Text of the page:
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U.S. ill equipped to deal with mass migration of refugees

Guest Commentary


Since the beginning of this year, more than 50,000 children, mostly teens, but others as young as nine or 10, some younger, have swarmed across America’s southern border. Officials expect the number to exceed 70,000 by yearend.

They are escaping from Honduras, El Salvador, Guatemala and Mexico; countries in turmoil, where drug lords terrorize neighborhoods and whole regions, bribe officials, force kids into gangs, and brutalize and kill anyone who opposes them.

The kids are escaping from terror, abuse, abject poverty and hopelessness. For all practical purposes, they are refugees. They come without parents or guardians, some clutching hand-scrawled notes with the telephone number or address of someone, somewhere in the U.S. who might help.

It is a humanitarian crisis. The United States has shown itself ill equipped to deal with it.

Think now of what could happen when climate change forces hundreds of millions, even billions of people to leave regions and countries where conditions will no longer support human life, places like Darfur, Ethiopia, Kenya, Somalia, Southern Sudan, the Republic of Maldives, the Solomon Islands, the Marshall Islands, and other low-lying island states, some of which will disappear altogether, submerged under rising seas. In Bangladesh alone, it is estimated that 20-to-30 million people will be forced to migrate as a result of global warming-driven sea level rise.

Having fewer resources and options for adaptation in place, children, women, the poor, older persons, and other vulnerable groups experience the greatest pressures to migrate as a result of environmental, economic and social impacts of climate change.

These are people very much like those streaming over America’s southern borders now.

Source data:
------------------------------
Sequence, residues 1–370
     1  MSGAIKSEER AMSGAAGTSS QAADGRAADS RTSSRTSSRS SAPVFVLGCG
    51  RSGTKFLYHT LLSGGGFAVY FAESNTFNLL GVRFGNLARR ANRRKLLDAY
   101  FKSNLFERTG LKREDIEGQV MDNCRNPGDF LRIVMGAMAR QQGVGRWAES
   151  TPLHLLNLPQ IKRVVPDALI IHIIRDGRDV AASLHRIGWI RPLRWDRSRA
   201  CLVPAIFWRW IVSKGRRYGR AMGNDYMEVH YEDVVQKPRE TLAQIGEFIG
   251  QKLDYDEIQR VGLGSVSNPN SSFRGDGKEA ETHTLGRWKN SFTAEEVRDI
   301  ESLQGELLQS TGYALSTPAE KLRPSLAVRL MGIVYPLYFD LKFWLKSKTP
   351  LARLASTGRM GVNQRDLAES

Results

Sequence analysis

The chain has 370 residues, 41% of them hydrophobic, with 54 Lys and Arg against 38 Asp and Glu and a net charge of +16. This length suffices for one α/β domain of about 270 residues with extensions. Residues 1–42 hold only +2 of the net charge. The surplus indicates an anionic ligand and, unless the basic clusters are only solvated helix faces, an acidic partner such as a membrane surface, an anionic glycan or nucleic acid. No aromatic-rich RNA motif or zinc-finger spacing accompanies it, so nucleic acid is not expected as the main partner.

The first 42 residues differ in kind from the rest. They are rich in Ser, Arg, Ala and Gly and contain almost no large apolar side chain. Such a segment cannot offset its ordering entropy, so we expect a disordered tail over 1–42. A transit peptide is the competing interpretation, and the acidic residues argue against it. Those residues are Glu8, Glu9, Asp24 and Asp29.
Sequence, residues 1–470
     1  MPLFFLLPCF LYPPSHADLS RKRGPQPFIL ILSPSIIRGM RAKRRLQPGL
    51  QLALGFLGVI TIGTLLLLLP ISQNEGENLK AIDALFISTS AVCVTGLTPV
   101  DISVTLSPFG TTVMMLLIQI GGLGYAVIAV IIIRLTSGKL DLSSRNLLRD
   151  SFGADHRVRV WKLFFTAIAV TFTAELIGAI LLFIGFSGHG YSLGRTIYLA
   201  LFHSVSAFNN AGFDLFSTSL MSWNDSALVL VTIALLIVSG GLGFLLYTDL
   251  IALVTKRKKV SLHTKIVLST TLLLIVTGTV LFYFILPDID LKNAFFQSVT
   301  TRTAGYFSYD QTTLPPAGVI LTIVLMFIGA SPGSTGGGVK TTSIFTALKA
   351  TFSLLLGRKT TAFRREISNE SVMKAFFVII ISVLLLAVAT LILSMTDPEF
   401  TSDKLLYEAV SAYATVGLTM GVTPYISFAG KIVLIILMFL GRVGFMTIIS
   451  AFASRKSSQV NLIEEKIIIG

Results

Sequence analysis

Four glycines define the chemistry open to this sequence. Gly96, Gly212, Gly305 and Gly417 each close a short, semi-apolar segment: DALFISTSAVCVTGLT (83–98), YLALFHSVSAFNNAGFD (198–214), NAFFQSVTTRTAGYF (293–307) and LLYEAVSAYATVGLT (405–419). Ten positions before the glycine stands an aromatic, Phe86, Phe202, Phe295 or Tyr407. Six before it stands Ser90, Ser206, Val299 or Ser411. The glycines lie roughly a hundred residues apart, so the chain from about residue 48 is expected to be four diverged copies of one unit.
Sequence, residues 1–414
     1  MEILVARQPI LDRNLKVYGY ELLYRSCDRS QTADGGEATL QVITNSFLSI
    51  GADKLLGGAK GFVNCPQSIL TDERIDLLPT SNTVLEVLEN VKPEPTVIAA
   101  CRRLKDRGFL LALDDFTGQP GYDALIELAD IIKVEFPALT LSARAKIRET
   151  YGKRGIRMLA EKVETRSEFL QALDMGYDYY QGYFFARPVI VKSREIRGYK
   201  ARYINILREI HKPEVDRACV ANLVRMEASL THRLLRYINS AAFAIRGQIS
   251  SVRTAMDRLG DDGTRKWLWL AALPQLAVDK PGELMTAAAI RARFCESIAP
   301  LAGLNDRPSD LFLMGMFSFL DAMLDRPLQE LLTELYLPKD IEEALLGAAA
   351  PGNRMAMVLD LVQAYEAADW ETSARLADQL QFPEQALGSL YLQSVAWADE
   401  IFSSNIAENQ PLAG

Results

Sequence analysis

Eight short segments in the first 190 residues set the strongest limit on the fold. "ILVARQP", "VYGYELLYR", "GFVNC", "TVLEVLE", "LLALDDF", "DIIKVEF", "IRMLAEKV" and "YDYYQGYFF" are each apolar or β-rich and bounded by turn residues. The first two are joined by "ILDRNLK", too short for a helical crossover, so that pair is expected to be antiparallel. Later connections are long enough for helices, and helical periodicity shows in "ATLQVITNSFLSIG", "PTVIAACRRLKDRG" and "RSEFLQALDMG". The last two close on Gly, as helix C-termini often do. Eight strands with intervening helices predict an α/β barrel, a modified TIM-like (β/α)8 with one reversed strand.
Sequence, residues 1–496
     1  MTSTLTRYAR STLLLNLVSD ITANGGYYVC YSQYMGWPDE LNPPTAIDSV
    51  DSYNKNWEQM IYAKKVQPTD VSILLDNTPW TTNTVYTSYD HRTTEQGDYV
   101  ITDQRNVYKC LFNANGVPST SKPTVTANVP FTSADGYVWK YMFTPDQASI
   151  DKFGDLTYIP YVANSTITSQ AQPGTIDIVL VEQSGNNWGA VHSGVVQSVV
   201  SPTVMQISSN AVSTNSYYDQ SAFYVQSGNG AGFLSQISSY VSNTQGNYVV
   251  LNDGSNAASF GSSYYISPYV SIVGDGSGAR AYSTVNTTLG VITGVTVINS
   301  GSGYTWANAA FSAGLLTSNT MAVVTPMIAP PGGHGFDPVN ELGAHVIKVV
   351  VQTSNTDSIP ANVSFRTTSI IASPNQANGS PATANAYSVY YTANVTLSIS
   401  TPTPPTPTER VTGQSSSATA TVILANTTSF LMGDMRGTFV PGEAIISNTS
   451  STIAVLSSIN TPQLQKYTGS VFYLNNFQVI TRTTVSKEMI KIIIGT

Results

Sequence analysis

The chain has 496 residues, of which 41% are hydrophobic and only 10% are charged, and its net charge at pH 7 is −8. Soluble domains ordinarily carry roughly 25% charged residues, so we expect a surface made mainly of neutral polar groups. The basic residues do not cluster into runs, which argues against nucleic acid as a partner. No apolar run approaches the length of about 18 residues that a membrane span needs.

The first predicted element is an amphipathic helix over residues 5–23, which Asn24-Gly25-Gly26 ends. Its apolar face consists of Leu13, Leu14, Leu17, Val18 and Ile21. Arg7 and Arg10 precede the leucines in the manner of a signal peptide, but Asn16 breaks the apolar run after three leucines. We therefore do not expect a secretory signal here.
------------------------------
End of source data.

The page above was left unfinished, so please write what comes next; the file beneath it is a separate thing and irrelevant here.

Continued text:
The U.S. Navy is already planning for increased humanitarian assistance and disaster relief (HA/DR) as a result of climate change.

The Navy believes that mass migrations precipitated by climate change will not only stretch its HA/DR capabilities, but could also result in instability and regional conflict requiring U.S. military assistance for the evacuation of U.S. citizens, and the quelling of unrest.

The International Organization for Migration says that, “climate change is expected to trigger growing population movements within and across borders.”

The UN Deputy High Commissioner for Refugees said that by 2050 up to a billion people globally could be forced to migrate.

Where will they all go? Some studies suggest they’ll come here, to America. Mass migration to the United States from countries south of our border, like Mexico, may be triggered by climate-caused crop failures, in addition to the factors playing out now.

And yet America itself will not be immune to climate change and internal migration, such as happened during the Dust Bowl era, the largest migration in American history.

By 1940, 2.5 million people had moved out of the Plains states. They did not receive a warm welcome in places like California, where city police were sent to the border to repel the “invaders.”

Internal and cross-border migration driven by climate change will test America’s infrastructure, its mettle, and its morality.

Will the tired, the poor, the homeless, the tempest-tossed be met at the borders with flags waved in welcome, or, as in Murrieta, California, and Oracle, Arizona, with xenophobic contempt?

How will this ‘nation of immigrants’ prepare for and greet the multitudes displaced by a changing climate that we have done much to cause and little to abate? The answer will define forever who we are as a people.

Richard Badalamente was a senior analyst at the Pacific Northwest National Laboratory (PNNL) in Richland, WA, from 1981-2006. During this time he was detailed for two years to the UN International Atomic Energy Agency in Vienna, Austria. Before joining PNNL, he was a commissioned officer in the United States Air Force. He has his bachelor of science from University of Southern California and his master’s of science and doctorate from Texas Tech. He is currently a member of the Citizens Climate Lobby.


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